Remember the cries if alarm and media frenzy following reports that an Illinois water utility had been penetrated, remotely controlled and ultimately damaged by hackers whose attacks originated in Russia?
Turns out, according to an interview Wired did with the guy whose vacation in Russia set off alarm bells for both the utility and investigators, there was no attack, no pwning and no remotely controlled sabotage at the water facility.
It turns out that a contractor hired to do help set up and secure the SCADA systems took a call from the utility – Curran Gardner Public Water District outside of Springfield, Ill. – while he and his family were on vacation.
Contractors can't take a lot of time off or pass up work even if they are, so Jim Mimlitz, owner of Navionics Research logged in from where he was – in Russia – to look over the data-history charts as the client at Curran Gardner requested.
That was in June. In November, when suspicions were high about instability and possible penetration of the network, security investigators found logins from Russia highly suspicious.
Since much of the most effective commercial criminal hackery is done from or routed through nodes in Russia and other Eastern European countries, the ominous conclusion seemed obvious.
"They assumed mimlitz would never ever have been in Russia," Mimlitz told Wired, after admitting he hadn't mentioned to Currant Garden that he was on vacation or where he'd been when he logged in. "They shouldn't have assumed that."
What really happened
A water pump did burn out, which is a big deal at a water-pumping facility. And a report from the Illinois Statewide Terrorism and Intelligence Center did say someone had accessed the system from Russia and illicit access might have something to do with system instabilities and damage to the ruined water pump.
SCADA security specialist Joe Weiss from Applied Control Solutions did pass along information in the report to various media outlets,(including this one) which ran with the story after getting confirmation from the FBI and Dept. of Homeland Security that they were investigating a possible cyberattack on the utility.
It made a great story, not least because all the warnings and fear of cyberattack were entirely plausible.
Various U.S. government agencies have been warning for years about that the systems that control various bits of the U.S. civil infrastructure, SCADA apps in particular, are vulnerable to attack.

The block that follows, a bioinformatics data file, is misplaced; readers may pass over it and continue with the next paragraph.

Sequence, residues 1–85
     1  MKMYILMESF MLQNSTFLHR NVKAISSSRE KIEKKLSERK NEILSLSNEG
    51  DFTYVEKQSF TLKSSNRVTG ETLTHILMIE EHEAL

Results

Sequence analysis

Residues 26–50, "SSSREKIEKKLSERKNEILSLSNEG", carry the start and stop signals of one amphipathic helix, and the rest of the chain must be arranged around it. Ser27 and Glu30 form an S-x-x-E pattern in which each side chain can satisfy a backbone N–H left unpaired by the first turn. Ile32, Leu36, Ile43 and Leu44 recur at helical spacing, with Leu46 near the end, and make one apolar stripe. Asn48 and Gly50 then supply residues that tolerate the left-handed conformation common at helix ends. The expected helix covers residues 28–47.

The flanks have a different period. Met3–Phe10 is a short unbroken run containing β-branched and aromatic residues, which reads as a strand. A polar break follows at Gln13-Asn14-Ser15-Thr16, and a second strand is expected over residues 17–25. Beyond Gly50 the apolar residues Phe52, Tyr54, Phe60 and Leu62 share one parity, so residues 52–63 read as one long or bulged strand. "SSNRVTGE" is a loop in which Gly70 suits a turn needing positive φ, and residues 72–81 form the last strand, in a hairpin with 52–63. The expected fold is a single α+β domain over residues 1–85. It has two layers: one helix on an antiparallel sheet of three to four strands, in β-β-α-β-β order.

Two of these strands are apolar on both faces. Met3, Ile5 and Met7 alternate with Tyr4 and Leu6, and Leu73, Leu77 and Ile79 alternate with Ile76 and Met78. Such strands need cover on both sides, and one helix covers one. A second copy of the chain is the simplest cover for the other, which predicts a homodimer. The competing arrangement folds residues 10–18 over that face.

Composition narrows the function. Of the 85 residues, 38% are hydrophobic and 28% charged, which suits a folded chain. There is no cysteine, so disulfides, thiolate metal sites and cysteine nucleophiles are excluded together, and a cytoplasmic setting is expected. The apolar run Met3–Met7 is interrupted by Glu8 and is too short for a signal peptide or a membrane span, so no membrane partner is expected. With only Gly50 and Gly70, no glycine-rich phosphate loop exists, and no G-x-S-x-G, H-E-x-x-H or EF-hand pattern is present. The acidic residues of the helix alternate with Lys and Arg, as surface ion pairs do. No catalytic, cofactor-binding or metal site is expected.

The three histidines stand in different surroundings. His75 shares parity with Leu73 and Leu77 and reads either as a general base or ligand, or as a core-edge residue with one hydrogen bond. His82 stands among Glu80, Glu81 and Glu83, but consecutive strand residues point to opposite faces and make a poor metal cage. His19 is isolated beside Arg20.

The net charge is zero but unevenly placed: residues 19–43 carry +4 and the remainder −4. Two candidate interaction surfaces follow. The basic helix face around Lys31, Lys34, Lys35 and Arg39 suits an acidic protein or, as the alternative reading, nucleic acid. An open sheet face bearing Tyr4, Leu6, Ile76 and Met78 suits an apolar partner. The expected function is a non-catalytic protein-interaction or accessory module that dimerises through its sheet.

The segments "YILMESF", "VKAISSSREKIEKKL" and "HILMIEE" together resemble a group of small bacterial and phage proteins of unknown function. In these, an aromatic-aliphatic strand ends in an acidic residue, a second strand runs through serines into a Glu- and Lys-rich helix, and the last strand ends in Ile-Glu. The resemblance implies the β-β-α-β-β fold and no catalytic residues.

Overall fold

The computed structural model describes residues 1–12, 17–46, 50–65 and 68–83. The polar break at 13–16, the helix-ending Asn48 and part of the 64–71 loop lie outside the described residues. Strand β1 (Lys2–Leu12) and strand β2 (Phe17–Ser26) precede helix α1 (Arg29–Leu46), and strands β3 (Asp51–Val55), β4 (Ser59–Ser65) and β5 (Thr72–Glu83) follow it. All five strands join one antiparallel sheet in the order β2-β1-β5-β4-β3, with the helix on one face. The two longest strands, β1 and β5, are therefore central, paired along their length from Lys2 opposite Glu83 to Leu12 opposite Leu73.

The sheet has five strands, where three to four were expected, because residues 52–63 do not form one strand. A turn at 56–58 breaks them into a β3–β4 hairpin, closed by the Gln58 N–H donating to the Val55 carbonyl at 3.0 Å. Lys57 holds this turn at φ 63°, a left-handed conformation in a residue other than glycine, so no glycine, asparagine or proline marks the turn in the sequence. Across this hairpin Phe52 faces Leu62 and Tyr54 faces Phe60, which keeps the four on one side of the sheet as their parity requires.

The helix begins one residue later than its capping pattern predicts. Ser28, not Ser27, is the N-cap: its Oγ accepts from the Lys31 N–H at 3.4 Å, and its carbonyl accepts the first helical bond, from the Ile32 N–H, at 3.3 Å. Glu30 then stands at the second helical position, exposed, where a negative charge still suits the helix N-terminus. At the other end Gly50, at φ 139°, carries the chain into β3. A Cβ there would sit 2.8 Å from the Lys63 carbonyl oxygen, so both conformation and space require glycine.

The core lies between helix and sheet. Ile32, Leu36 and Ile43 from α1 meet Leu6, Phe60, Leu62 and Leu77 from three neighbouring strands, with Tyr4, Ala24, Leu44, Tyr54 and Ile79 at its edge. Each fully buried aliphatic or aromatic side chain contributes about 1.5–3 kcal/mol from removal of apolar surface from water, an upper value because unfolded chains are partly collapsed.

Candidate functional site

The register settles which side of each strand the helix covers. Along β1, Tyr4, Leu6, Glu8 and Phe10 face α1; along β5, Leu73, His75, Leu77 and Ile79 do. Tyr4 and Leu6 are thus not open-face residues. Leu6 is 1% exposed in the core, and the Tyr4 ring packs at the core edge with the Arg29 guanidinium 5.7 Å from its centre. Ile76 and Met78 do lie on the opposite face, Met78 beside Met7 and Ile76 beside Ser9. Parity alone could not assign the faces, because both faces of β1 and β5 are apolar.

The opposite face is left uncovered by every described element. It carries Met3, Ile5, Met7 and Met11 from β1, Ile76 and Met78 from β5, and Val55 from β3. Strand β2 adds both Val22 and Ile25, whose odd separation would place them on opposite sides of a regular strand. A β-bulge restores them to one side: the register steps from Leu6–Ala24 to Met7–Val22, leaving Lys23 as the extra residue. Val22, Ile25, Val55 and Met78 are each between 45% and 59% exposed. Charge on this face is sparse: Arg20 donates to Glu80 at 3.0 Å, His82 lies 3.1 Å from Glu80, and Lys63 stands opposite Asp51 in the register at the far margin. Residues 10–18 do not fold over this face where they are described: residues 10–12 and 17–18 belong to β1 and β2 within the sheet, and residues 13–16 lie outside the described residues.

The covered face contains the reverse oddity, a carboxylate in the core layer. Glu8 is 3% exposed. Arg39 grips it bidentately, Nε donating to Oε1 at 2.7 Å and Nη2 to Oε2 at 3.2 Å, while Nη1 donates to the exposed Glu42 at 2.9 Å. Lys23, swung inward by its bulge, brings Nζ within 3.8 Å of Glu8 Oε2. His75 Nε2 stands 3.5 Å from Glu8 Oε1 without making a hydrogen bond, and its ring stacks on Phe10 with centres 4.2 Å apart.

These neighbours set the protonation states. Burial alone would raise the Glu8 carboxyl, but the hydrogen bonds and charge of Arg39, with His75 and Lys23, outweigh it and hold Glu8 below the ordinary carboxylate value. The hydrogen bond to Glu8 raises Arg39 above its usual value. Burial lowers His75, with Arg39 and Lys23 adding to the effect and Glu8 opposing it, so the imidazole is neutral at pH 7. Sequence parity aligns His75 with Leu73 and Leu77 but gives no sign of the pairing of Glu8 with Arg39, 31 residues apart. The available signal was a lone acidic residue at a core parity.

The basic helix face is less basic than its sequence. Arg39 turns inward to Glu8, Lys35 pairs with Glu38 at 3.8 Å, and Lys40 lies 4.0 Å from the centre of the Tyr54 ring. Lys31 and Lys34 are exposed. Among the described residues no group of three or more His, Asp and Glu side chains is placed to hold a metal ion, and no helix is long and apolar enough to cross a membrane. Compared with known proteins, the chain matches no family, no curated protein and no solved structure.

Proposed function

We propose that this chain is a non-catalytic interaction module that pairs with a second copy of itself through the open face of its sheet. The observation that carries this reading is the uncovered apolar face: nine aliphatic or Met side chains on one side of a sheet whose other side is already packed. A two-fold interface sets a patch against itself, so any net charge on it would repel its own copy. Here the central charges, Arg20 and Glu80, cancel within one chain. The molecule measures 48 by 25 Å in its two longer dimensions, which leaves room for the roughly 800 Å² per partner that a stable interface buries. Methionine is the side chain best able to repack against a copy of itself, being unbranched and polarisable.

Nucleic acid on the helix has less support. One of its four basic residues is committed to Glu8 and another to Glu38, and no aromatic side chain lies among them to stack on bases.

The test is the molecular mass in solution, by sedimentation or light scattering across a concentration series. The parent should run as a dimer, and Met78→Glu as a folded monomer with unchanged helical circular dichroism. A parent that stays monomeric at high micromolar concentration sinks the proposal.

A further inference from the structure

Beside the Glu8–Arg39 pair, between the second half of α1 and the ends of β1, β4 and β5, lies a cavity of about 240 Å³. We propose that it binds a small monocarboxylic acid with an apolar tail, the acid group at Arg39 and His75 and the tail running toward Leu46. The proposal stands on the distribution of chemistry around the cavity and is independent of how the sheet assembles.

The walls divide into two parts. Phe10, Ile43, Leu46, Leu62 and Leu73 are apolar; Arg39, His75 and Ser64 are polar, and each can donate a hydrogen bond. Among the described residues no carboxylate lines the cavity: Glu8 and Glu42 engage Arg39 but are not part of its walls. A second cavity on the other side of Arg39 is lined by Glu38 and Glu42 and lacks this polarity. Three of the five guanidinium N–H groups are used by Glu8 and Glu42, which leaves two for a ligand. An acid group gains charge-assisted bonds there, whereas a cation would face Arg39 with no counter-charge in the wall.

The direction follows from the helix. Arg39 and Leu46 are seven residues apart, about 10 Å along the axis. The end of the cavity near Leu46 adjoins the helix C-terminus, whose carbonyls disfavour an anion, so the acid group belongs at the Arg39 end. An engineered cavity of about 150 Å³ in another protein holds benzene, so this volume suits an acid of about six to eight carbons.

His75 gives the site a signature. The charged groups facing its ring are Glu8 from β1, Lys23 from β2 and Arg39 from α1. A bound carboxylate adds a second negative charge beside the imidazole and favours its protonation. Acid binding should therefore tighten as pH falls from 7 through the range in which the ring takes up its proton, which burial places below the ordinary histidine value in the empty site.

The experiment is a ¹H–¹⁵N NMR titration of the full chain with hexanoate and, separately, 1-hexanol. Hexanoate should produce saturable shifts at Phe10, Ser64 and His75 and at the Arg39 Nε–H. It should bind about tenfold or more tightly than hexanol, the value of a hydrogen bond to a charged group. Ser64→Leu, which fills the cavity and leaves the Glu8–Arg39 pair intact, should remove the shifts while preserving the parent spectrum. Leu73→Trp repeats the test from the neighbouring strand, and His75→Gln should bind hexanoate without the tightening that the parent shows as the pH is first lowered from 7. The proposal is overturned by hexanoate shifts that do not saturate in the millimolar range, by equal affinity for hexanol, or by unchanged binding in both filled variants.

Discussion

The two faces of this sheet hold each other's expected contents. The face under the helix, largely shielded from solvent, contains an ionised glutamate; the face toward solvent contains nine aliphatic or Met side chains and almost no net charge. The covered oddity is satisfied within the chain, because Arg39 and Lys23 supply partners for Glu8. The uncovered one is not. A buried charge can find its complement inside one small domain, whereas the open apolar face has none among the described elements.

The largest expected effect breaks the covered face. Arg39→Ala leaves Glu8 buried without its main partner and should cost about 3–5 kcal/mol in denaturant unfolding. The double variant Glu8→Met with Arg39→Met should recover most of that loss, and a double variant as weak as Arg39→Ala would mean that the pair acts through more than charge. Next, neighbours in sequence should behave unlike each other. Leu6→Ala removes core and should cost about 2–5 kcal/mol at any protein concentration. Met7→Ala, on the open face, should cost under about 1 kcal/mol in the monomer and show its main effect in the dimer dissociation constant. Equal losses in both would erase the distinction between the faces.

That same week, in fact, a hacker known as 'pr0f' claimed to have cracked a South Houston utility, posting evidence on Pastebin to back up the story, especially the juicy bit – that the password controlling access to the SCADA system was only three characters long.
"This was stupid," pr0f posted. " Insanely stupid. I dislike, immensely, how the DHS tend to downplay how absolutely F***** the state of national infrastructure is. I've also seen various people doubt the possibility an attack like this could be done."
The South Houston attack seems legitimate enough (though as a proof-of-concept demonstration, not an act of war),
Unfortunately, the Curran Gardner event turns out to have been a series of misinterpretations and partially informed assumptions – some on the part of investigators, some on the part of the media.
The water pump that burned out appears simply to have burned out from wear and age, not hackage.
Early reports from the DHS and the FBI – which issued a joint statement saying they'd found no evidence of cyberattack a week after the Nov. 10 report from the Illinois investigators – turned out to be true in the long term as well as the short.
It's not unusual in the early days of the investigation of a data breach for investigators to either hold back evidence of the attack or be unable to find it without analysis of system files that could take days or weeks.
In this case the evidence never turned up, except for the bit about the contractor who logged in to do some work from a part of the world that's under permanent suspicion of wrongdoing.
Last week DHS issued a report confirming it had found no evidence of attack and slamming conclusions of both security analysts and the media.
“There is no evidence to support claims made in the initial Fusion Center report – which was based on raw, unconfirmed data and subsequently leaked to the media – that any credentials were stolen, or that the vendor was involved in any malicious activity that led to a pump failure at the water plant,” the ICS-CERT alert states. “In addition, DHS and FBI have concluded that there was no malicious or unauthorized traffic from Russia or any foreign entities, as previously reported. Analysis of the incident is ongoing and additional relevant information will be released as it becomes available.”